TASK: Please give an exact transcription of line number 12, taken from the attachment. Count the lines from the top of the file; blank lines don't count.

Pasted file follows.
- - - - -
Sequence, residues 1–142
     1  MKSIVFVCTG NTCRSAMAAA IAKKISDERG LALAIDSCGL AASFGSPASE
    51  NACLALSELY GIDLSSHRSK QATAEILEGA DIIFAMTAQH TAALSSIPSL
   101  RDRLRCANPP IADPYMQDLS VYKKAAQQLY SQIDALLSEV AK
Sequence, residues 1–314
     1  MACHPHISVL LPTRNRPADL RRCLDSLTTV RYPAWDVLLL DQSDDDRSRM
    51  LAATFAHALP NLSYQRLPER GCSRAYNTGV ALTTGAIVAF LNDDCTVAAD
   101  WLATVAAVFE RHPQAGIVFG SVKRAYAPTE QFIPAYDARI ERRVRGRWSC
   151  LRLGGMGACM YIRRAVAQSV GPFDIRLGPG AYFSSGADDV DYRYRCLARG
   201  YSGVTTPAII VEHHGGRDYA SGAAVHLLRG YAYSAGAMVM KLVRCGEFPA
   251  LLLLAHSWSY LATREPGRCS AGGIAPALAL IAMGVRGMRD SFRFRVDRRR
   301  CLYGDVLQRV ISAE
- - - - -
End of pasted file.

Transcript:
   301  CLYGDVLQRV ISAE